McIntyre Powder Project

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    FREE!! Public Presentation - 50 Guninea Pigs, 13 Rabbits, 20,000 Miners: The McIntyre Powder Experiment - March 23, 2017 at McMaster U

    The School of Labour Studies Speaker Series proudly presents:

    50 Guinea Pigs, 13 Rabbits, 20,000 Miners: The McIntyre Powder Experiment

    With Janice Martell

    Thursday, March 23, 2017

    2:30-4:30pm

    L.R. Wilson Hall 1003

     

    Description:

    Between 1943 and 1980, at least 20,000 miners were dosed by their employers with McIntyre Powder – respirable aluminum/aluminum oxide dust – on the unproven theory that it would prevent silicosis. Under threat of job loss and in the absence of informed consent, these miners became unwilling lab rats in a government-sanctioned industrial disease experiment.  No other humans have been exposed to aluminum in this form, intensity, duration, or by similar route of administration (an inhalable, airborne suspension).  The impacts on their health remain unknown.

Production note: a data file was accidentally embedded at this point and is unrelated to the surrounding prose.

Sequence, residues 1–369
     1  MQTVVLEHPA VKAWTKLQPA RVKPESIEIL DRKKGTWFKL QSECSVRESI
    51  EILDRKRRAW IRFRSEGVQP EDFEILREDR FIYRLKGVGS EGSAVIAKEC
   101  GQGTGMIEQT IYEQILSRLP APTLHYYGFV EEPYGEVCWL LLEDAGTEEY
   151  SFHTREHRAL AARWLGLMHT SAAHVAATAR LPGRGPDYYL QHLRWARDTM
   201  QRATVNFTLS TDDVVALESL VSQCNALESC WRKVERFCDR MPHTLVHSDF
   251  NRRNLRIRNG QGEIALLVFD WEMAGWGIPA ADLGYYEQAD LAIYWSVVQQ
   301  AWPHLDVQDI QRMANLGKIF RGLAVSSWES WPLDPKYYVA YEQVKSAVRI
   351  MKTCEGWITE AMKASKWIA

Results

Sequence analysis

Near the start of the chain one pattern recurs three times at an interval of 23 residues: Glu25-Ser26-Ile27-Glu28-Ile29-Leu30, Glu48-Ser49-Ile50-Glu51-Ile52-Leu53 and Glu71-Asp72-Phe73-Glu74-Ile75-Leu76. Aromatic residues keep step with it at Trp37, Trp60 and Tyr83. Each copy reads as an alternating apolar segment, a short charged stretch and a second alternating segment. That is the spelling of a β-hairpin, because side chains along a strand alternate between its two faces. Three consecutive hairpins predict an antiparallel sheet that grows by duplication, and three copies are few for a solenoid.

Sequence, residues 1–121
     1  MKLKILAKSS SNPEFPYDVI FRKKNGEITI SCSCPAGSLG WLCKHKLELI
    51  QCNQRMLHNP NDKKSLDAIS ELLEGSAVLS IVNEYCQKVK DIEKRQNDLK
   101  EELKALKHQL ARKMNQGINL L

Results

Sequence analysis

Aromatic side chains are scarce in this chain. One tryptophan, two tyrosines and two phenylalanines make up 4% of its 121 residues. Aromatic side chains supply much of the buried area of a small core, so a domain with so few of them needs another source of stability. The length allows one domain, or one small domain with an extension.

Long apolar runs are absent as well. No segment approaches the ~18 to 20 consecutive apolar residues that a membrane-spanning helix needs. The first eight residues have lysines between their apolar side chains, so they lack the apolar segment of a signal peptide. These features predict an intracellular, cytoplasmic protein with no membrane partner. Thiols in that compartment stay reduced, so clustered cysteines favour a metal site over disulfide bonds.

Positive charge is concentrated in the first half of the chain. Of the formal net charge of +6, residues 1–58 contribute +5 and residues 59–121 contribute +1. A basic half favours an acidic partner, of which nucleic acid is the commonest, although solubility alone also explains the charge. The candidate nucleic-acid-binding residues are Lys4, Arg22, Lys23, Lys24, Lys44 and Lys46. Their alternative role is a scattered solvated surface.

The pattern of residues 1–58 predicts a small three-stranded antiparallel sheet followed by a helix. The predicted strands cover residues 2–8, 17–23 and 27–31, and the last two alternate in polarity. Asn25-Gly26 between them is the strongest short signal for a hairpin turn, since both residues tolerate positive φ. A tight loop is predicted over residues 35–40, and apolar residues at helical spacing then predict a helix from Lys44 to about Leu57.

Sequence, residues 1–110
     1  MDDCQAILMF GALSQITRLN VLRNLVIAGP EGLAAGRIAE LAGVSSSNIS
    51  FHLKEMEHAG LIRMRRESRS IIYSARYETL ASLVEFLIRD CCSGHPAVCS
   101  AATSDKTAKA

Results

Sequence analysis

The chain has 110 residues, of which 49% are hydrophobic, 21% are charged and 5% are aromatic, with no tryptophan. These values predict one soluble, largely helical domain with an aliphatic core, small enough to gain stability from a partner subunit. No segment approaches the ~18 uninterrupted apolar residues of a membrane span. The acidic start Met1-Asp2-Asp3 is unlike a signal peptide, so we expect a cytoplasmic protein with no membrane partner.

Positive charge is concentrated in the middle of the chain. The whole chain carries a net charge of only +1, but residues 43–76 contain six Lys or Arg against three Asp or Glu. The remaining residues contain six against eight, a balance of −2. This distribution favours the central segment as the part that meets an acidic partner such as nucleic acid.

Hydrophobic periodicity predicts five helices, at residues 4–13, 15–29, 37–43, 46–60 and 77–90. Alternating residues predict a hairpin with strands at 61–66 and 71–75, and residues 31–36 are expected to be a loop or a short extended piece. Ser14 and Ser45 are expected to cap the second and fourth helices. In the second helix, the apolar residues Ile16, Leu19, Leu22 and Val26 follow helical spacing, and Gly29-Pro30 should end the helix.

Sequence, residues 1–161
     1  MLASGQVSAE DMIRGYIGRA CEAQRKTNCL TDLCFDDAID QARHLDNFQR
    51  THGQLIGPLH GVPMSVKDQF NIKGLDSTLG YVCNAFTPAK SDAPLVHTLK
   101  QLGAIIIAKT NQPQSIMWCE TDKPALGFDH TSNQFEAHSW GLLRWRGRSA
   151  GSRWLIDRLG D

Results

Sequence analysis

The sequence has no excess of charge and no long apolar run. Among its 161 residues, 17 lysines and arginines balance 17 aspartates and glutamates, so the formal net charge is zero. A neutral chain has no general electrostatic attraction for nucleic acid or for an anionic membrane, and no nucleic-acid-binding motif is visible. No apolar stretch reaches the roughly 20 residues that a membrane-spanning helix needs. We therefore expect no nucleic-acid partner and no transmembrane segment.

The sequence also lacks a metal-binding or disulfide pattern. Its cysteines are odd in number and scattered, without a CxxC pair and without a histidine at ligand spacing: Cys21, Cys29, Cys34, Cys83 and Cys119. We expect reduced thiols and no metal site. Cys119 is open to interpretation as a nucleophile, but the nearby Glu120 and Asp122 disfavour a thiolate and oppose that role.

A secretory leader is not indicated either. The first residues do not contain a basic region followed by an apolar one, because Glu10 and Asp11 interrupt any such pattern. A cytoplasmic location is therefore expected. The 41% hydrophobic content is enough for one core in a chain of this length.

Janice Martell established the McIntyre Powder Project to seek answers about the aluminum dust program and its long-term health impacts.  Janice is the daughter of one of the miners of the McIntyre Powder experiment, Jim Hobbs - who suffers from Parkinson’s. In her first speaking engagement open to the general public, Janice will share her research discoveries about the history of the McIntyre Powder experiment, her experiences in challenging the workplace compensation system, and the stories of mining families that were left in the dust.

     

    About the Speaker:

    Janice Martell graduated in 1988 from Carleton University with a Bachelor’s degree in Law and Psychology. She also holds a Certificate in Addiction Studies from McMaster University.  Janice has spent her career in the helping profession, working in child welfare, social assistance, mental health and addictions services. Janice lives with her husband Don in Elliot Lake, Ontario. She is passionate about her McIntyre Powder Project work, and remains grateful for the kinships being forged with mining families.

     

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